beneficiary to take distributions over the course of their lifetime, but again, the key difference is the tax
treatment of those distributions – the traditional IRA beneficiary pays ordinary income tax on these
distributions, while the Roth beneficiary does not.
         The traditional IRA portfolio value is constantly eroding due to the tax treatment of these forced
distributions. Over a 15 – 20 year span, this erosion is roughly equal to a present value of the amount of
taxes that would be generated by converting to a Roth IRA. And given even longer time-frames – say a
50+ year lifespan of a beneficiary – the differential is phenomenal. By that point, your heirs will have
truly experienced the magic of long-term tax-free compounding.

The Model

         The quantitative analysis of converting a traditional IRA to a Roth IRA is fairly straightforward.
Two scenarios are run side-by-side, in order to determine which scenario has the greatest bottom line on
the terminal date. The first scenario is the base case, and assumes that no conversion takes place. The
beginning values include the traditional IRA market value plus a second, taxable account equal to the
amount of tax that would be due if a conversion were to take place. The thinking is thus: it does not make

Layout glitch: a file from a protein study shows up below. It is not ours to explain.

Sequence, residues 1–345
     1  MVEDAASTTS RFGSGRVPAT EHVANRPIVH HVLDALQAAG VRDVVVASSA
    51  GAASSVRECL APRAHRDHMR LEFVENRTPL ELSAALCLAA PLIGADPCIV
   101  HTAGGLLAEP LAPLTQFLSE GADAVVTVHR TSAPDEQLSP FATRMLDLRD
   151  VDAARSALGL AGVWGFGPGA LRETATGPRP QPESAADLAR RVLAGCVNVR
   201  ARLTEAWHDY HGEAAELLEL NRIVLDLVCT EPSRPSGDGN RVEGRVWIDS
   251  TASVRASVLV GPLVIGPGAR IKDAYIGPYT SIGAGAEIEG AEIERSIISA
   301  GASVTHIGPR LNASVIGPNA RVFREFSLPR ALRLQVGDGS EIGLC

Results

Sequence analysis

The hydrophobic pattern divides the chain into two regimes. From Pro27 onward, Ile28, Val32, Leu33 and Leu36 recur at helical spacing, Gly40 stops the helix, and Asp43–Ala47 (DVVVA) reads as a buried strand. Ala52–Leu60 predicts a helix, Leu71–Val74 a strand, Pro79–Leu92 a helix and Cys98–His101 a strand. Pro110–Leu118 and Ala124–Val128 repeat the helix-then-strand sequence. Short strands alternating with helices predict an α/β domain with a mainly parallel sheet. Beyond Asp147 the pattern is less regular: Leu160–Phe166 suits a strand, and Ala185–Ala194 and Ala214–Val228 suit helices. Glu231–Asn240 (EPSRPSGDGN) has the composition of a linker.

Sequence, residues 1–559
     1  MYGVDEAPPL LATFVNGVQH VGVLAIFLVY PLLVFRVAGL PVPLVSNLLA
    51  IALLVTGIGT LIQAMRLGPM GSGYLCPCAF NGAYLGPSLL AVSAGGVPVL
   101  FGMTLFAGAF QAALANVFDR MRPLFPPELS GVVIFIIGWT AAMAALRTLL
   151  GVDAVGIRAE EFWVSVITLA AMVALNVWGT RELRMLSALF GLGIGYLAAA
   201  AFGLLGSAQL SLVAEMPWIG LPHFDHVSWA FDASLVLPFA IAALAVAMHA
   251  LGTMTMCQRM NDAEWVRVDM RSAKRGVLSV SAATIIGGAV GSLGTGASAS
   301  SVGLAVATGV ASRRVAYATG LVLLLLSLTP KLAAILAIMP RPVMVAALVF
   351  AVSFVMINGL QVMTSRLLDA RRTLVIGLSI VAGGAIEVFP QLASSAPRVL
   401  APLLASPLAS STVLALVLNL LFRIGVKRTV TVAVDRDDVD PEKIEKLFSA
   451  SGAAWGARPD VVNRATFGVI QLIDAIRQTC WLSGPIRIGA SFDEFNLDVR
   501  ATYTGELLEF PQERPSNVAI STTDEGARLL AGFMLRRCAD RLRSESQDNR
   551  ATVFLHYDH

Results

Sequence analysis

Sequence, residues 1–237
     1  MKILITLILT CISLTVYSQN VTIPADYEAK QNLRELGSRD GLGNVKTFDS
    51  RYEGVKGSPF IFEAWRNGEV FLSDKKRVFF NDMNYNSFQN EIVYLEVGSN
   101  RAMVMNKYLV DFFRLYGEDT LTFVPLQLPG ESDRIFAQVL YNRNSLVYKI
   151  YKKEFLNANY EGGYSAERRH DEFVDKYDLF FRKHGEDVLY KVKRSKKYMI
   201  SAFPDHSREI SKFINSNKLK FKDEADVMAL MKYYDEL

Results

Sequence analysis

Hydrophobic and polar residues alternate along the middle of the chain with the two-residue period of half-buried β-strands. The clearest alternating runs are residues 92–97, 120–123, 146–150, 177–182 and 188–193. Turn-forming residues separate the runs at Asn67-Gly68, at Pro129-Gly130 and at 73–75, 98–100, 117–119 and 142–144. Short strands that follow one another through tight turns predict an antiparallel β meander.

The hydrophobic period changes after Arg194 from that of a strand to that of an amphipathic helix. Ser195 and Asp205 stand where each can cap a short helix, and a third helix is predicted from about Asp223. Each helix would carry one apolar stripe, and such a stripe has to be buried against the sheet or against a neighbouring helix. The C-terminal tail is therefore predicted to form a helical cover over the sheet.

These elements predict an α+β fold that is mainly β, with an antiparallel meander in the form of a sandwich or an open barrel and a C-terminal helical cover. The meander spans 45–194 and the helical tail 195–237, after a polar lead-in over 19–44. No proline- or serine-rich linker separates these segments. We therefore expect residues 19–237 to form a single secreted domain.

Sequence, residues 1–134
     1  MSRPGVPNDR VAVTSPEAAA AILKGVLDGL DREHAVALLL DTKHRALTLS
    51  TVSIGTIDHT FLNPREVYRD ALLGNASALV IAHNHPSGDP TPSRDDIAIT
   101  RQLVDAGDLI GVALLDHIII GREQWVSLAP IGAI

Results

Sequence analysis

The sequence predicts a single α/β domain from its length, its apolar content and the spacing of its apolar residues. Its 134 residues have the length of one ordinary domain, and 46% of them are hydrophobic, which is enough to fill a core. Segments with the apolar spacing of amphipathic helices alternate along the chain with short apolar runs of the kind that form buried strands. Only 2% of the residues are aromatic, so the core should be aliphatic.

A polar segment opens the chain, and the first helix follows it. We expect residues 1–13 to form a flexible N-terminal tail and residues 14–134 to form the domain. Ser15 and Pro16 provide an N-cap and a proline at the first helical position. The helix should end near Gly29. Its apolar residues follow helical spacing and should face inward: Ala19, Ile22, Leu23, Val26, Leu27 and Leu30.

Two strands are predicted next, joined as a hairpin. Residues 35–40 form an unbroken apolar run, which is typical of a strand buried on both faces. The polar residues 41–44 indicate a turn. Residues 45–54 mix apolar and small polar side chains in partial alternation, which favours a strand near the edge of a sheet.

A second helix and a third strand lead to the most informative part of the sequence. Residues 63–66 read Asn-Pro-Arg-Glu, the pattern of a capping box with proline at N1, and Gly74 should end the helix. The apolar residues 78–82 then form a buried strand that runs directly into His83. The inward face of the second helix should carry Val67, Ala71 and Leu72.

sense to pay the conversion tax out of the existing IRA principal – so after-tax funds will be required. If
no conversion takes place, those assets would otherwise be available for investment.
         The second comparison scenario assumes that the traditional IRA was converted to a Roth IRA,
and the beginning Roth IRA value is the beginning value of the traditional IRA. The portfolio grows tax-
deferred until withdrawn, after which all qualified withdrawals are tax-free. In both scenarios, we assume
that the beneficiary takes out the minimum required distributions from the inherited IRA over the
remainder of their lifetime, as prescribed by the IRS.(7) Both traditional and Roth IRA’s are subject to this
requirement once they have passed to the beneficiary.


         Now let us consider several examples, summarized in Table 1. In Example 1, John has a
traditional IRA roll-over funded entirely by before-tax contributions. John is in the top marginal tax
bracket, is 60 years old, and has two children, ages 29 and 23. He has a moderately aggressive investment